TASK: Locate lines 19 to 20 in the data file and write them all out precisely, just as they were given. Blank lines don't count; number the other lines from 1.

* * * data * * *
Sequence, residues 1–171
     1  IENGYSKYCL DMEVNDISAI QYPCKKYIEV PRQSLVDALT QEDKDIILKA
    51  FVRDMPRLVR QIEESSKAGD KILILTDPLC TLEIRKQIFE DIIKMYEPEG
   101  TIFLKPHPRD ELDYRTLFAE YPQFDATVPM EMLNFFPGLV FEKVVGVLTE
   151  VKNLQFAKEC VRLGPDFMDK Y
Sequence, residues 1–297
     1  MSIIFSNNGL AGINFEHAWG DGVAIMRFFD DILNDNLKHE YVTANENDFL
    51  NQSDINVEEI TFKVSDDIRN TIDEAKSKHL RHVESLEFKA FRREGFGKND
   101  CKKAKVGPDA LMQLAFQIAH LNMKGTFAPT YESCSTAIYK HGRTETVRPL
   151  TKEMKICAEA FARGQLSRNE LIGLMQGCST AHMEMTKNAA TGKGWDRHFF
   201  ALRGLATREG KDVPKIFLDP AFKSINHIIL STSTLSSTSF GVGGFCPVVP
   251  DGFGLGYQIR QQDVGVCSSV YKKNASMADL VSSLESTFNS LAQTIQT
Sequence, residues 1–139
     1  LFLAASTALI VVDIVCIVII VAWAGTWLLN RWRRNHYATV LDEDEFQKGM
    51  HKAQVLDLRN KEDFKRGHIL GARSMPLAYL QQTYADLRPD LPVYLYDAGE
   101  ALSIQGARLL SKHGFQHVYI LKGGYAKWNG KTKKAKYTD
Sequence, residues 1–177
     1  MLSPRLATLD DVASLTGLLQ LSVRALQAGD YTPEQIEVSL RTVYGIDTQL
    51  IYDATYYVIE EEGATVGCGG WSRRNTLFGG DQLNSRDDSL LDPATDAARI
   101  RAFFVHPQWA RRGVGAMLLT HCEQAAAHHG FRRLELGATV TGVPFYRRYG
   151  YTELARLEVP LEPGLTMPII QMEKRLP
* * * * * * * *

    51  IYDATYYVIE EEGATVGCGG WSRRNTLFGG DQLNSRDDSL LDPATDAARI
   101  RAFFVHPQWA RRGVGAMLLT HCEQAAAHHG FRRLELGATV TGVPFYRRYG